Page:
> >
> >>
> >> > https://nek5000.mcs.anl.gov/ (look at the openacc branch in github)
> >>
> >> (on the openacc branch)
> >>
> >> /tmp/Nek5000$ git grep -il "\$acc "
> >> core/acc.f
> >> core/comm_mpi.f
> >> core/gmres.f
> >> core/hmholtz.f
> >> core/hsmg.f
> >> core/math.f
> >> core/navier1.f
> >> core/navier4.f
> >> core/plan4.f
> >> core/prepost.f
> >> core/subs2.f
> >>
> >> >
> >> > https://nekcem.mcs.anl.gov/
> >>
> >> (on master)
> >> /tmp/svn$ git grep -il "\$acc"
> >> branches/maxwell-experimental/src/cem_dg.F
> >> branches/maxwell-experimental/src/dssum2.F
> >> branches/maxwell-experimental/src/io.F
> >> branches/maxwell-experimental/src/mat1.F
> >> branches/maxwell-experimental/src/maxwell.F
> >> branches/maxwell-experimental/src/maxwell_acc.F
> >> branches/maxwell-experimental/src/mxm_acc.F
> >> branches/trunkQu/src/quantum_csr.F
> >> branches/trunkQu/src/quantum_setup.f
> >> branches/trunkQu/src/quantum_time.F
> >> trunk/examples/openacc_gpu=1/box.usr
> >> trunk/examples/openacc_gpu=8/box.usr
> >> trunk/src/acoustic.F
> >> trunk/src/cem_dg2.F
> >> trunk/src/complex.F
> >> trunk/src/drift1.F
> >> trunk/src/drift1_maud.F
> >> trunk/src/drive.F
> >> trunk/src/drive_maud.F
> >> trunk/src/dssum2.F
> >> trunk/src/hmholtz.F
> >> trunk/src/io.F
> >> trunk/src/mat1.F
> >> trunk/src/maxwell.F
> >> trunk/src/maxwell_acc.F
> >> trunk/src/mg_r2204.F
> >> trunk/src/mxm_acc.F
> >> trunk/src/poisson.F
> >> trunk/src/quantum2.F
> >> www/examples/libs/phpThumb/phpthumb.functions.php
> >> www/examples/phpthumb.functions.php
> >>
> >> >>   Can you provide a list of C/C++ applications using OpenACC today
> and estimate the number of users that will benefit from this feature?
> >> >>
> >> >>
> >> >> Such lists exist, although I don't know what can be shared (and Oak
> Ridge likely has better lists in this regard than I do).
> >> >
> >> > I'll look for a better list that I can share.
> >>
> >> That would be helpful.
> >>
> >> Best,
> >>
> >> Jeff
> >>
> >>
> >>
> >> >> I can tell you, from my own experience, that we're seeing an
> increase in development using OpenACC, in both C/C++ and Fortran, over the
> last couple of years (essentially because the compiler technology has
> improved to the point where that is now a potentially-productive choice).
> >> >
> >> >
> >> > Providing support in a production-quality, open-source compiler tool
> chain like LLVM will hopefully accelerate this trend.
> >> >
> >> > Joel
> >> >
> >> >>
> >> >> Also, we have a strong desire to enable tooling over code bases
> using OpenACC. Among many other things, at some point we'll likely want the
> option to automatically migrate much of this code to using OpenMP. Having
> an OpenACC-enabled Clang, with an implementation that maps to OpenMP, is an
> important step in that process.
> >> >>
> >> >>  -Hal
> >> >>
> >> >>
> >> >>
> >> >> Thanks,
> >> >>
> >> >> Jeff
> >> >>
> >> >> On Tue, Dec 5, 2017 at 11:06 AM, Joel E. Denny via cfe-dev <
> cfe-dev at lists.llvm.org> wrote:
> >> >>>
> >> >>> Hi,
> >> >>>
> >> >>> We are working on a new project, clacc, that extends clang with
> OpenACC support.  Clacc's approach is to translate OpenACC (a descriptive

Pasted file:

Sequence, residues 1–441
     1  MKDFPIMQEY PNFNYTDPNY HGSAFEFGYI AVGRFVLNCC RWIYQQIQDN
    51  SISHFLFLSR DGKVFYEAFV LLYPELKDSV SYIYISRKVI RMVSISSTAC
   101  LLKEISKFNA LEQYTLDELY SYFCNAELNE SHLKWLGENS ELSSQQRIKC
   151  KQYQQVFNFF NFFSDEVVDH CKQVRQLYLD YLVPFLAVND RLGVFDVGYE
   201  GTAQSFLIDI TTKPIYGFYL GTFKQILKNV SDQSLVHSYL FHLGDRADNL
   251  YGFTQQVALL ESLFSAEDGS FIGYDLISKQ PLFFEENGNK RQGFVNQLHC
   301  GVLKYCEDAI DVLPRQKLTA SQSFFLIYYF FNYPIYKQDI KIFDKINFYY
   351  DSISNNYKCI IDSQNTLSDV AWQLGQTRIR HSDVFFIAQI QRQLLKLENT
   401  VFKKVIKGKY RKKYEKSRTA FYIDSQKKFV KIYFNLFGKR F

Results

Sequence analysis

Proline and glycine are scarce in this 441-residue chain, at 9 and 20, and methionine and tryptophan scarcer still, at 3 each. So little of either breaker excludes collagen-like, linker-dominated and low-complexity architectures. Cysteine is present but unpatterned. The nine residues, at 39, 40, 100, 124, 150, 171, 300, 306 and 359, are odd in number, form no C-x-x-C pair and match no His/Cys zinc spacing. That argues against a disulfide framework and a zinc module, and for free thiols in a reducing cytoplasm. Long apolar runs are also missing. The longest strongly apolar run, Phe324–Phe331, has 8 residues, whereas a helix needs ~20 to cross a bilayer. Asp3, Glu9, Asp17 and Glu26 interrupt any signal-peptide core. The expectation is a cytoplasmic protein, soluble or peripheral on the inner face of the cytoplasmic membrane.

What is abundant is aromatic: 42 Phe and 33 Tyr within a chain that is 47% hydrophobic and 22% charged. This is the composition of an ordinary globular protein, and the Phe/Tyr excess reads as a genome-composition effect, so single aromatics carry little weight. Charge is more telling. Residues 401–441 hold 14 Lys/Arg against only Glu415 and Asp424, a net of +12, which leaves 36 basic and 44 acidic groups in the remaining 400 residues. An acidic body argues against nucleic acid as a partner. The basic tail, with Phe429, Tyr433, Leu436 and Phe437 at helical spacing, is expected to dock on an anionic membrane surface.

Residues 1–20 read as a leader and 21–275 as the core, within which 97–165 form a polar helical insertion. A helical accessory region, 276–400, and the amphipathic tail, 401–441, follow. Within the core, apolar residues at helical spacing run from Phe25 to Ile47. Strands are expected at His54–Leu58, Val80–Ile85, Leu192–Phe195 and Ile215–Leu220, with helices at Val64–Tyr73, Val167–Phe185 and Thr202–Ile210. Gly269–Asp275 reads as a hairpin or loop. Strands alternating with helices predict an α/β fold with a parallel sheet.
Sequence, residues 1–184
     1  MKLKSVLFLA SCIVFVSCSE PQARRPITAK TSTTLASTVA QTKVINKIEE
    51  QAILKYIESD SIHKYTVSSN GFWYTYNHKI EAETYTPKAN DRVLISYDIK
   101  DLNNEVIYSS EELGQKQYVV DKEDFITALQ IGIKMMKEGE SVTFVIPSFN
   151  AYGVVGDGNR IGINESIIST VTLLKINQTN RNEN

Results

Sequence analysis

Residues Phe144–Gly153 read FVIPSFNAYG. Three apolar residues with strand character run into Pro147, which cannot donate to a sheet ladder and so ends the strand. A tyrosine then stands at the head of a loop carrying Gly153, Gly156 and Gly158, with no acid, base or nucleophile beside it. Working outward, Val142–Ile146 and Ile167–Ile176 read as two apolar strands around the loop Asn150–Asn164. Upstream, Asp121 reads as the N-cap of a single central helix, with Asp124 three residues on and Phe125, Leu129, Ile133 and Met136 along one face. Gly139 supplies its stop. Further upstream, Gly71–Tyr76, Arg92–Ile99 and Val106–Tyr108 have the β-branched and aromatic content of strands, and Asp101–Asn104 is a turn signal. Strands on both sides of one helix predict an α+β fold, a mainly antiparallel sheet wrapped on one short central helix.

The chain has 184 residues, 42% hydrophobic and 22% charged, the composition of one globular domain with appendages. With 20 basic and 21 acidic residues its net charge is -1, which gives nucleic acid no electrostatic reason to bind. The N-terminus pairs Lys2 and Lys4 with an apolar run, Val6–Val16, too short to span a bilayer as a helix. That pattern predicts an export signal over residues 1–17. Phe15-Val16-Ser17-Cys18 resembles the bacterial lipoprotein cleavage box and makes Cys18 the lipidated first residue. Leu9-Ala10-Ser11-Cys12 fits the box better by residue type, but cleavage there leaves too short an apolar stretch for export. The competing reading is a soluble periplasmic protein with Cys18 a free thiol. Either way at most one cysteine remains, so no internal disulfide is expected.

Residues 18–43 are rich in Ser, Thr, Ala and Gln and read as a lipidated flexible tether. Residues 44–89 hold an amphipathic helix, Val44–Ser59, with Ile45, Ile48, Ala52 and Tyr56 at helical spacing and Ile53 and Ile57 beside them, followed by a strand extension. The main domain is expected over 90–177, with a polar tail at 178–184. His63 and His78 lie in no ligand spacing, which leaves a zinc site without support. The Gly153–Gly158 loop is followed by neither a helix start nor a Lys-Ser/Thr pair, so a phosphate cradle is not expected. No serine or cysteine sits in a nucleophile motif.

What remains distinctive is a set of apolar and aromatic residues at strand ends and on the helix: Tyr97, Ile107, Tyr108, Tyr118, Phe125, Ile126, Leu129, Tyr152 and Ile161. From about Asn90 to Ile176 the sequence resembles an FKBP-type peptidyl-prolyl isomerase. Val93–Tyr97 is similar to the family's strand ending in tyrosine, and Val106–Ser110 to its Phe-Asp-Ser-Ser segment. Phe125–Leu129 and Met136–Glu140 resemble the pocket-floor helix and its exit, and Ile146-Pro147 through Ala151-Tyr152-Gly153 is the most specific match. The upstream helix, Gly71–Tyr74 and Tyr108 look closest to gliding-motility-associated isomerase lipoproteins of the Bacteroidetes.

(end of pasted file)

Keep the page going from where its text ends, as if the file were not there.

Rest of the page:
> language) to OpenMP (a prescriptive language) and thus to build on clang's
> existing OpenMP support.  While we plan to develop clacc to support our own
> research, an important goal is to contribute clacc as a production-quality
> component of upstream clang.
> >> >>>
> >> >>> We have begun implementing an early prototype of clacc.  Before we
> get too far into the implementation, we would like to get feedback from the
> LLVM community to help ensure our design would ultimately be acceptable for
> contribution.  For that purpose, below is an analysis of several high-level
> design alternatives we have considered and their various features.  We
> welcome any feedback.
> >> >>>
> >> >>> Thanks.
> >> >>>
> >> >>> Joel E. Denny
> >> >>> Future Technologies Group
> >> >>> Oak Ridge National Laboratory
> >> >>>
> >> >>>
> >> >>> Design Alternatives
> >> >>> -------------------
> >> >>>
> >> >>> We have considered three design alternatives for the clacc compiler:
> >> >>>
> >> >>> 1. acc src  --parser-->                     omp AST  --codegen-->
>  LLVM IR + omp rt calls
> >> >>> 2. acc src  --parser-->  acc AST                     --codegen-->
>  LLVM IR + omp rt calls
> >> >>> 3. acc src  --parser-->  acc AST  --ttx-->  omp AST  --codegen-->
>  LLVM IR + omp rt calls
> >> >>>
> >> >>> In the above diagram:
> >> >>>
> >> >>> * acc src = C source code containing acc constructs.
> >> >>> * acc AST = a clang AST in which acc constructs are represented by
> >> >>>   nodes with acc node types.  Of course, such node types do not
> >> >>>   already exist in clang's implementation.
> >> >>> * omp AST = a clang AST in which acc constructs have been lowered
> >> >>>   to omp constructs represented by nodes with omp node types.  Of
> >> >>>   course, such node types do already exist in clang's
> >> >>>   implementation.
> >> >>> * parser = the existing clang parser and semantic analyzer,
> >> >>>   extended to handle acc constructs.
> >> >>> * codegen = the existing clang backend that translates a clang AST
> >> >>>   to LLVM IR, extended if necessary (depending on which design is
> >> >>>   chosen) to perform codegen from acc nodes.
> >> >>> * ttx (tree transformer) = a new clang component that transforms
> >> >>>   acc to omp in clang ASTs.
> >> >>>
> >> >>> Design Features
> >> >>> ---------------
> >> >>>
> >> >>> There are several features to consider when choosing among the
> designs
> >> >>> in the previous section:
> >> >>>
> >> >>> 1. acc AST as an artifact -- Because they create acc AST nodes,